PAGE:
Today Ed Miliband will make a speech that could define his leadership of the Labour Party, and determine one way or another whether the Labour Party will be organisationally and financially able to fight the next election. Until now I thought the past week would be remembered as an internal row that we might all struggle to remember in the years to come.
That is clearly no longer the case.
Miliband will today announce a seismic shift in Labour’s relationship with the trade unions and their members – shifting from the traditional “opt out” from party affiliation for trade unionists to a clear opt-in. In future he wants all trade unionists to proactively choose to affiliate to the party, become part of the party and help grow the party. He believes that this will genuinely root the party in the lives of ordinary working trade unionists, by interacting directly with them.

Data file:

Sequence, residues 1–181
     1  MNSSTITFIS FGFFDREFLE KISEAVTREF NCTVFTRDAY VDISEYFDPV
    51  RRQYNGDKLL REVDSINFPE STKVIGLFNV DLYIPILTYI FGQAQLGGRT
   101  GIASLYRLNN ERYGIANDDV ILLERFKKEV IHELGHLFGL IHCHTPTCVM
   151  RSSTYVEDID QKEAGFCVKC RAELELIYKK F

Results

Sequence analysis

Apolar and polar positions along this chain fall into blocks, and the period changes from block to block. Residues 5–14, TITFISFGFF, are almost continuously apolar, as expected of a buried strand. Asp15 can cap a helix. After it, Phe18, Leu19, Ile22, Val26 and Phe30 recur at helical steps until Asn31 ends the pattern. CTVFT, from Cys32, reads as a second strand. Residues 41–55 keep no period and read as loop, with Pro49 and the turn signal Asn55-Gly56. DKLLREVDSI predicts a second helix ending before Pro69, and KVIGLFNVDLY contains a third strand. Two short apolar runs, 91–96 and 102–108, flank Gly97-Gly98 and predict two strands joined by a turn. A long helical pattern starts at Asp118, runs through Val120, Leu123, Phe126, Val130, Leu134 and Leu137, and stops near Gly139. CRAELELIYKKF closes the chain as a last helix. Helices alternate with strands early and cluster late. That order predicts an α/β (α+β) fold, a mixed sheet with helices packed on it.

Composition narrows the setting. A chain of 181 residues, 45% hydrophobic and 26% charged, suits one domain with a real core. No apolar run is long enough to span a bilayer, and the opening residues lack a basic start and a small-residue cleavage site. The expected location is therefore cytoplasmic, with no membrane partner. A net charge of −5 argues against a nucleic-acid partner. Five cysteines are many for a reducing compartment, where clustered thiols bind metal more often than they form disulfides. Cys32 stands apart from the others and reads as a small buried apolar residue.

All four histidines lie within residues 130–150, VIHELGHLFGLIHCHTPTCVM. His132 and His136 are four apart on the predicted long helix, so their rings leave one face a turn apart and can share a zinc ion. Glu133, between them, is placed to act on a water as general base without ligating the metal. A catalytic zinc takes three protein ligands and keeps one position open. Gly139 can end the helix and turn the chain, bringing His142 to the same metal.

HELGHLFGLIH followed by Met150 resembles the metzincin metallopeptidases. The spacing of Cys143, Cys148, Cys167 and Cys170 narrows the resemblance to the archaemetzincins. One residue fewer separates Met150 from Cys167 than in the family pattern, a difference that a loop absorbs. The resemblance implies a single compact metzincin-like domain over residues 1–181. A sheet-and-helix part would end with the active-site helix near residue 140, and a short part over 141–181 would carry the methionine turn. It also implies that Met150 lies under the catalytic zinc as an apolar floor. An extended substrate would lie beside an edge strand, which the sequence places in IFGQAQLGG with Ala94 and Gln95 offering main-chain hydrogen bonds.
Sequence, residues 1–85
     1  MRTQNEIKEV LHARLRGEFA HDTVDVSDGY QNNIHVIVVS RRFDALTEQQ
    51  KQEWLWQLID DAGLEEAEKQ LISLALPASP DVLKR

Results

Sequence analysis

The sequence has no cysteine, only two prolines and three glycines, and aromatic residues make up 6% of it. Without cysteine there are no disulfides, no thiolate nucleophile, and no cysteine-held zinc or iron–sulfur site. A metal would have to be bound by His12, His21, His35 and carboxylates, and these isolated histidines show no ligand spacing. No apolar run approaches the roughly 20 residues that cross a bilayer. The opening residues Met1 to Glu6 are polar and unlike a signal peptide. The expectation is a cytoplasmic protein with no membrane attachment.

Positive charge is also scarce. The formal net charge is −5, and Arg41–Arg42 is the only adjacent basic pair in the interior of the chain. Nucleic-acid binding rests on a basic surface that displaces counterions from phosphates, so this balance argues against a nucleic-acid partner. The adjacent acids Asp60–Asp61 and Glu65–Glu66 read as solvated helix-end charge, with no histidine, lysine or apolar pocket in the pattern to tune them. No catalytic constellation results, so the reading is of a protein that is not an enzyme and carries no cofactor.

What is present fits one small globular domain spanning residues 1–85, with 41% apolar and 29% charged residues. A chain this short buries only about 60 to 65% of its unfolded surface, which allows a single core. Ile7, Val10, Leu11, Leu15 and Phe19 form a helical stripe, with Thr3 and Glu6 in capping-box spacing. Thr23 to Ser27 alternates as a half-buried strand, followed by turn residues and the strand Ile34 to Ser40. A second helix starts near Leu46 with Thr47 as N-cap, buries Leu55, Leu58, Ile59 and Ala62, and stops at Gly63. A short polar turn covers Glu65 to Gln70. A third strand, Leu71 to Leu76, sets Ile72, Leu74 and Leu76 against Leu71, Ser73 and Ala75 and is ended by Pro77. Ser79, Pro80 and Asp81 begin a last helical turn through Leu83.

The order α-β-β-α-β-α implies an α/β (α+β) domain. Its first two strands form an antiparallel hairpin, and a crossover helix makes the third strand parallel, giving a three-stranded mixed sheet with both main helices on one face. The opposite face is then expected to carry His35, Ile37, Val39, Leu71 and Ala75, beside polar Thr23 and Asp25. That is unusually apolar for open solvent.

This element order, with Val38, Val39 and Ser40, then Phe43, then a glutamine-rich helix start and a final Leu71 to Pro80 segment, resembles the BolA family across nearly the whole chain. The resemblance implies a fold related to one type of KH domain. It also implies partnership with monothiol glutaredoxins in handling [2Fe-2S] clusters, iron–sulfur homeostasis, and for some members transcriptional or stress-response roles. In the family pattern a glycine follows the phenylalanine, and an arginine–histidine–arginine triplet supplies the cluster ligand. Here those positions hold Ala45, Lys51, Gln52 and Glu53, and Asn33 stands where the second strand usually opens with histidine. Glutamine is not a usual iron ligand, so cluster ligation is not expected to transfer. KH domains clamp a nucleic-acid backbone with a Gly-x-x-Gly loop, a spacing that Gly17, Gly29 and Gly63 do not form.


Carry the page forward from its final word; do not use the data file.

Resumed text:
It’s not a strategy without risk. Far from it.
It’s unclear whether or not the party – or the unions for that matter – are set up politically, organisationally or culturally to conduct what will effectively be a mass membership drive for the party within the Trade Unions. To succeed , it will also need the tacit support of the trade unions themselves in encouraging their members to affiliate to the party. There is no small amount of pessimism amongst many in the unions that this will work. One trade union official last night told me they feared this would be looked back on as the moment where the party ran out of money…
Worse – if only hundreds of thousands (or tens of thousands) of affiliated trade unionists opt-in to being individual party affiliates, it would not only hit the party coffers (and the party’s already constrained ability to run a general election campaign), but could also risk the ending of the union link by default. It would be very hard for any union to justify continued party affiliation if only a small fraction of their membership choose to affiliate. If the party is no longer affiliated to millions of ordinary working people, it could be the end of the party not just in financial terms but also as a party of Labour too.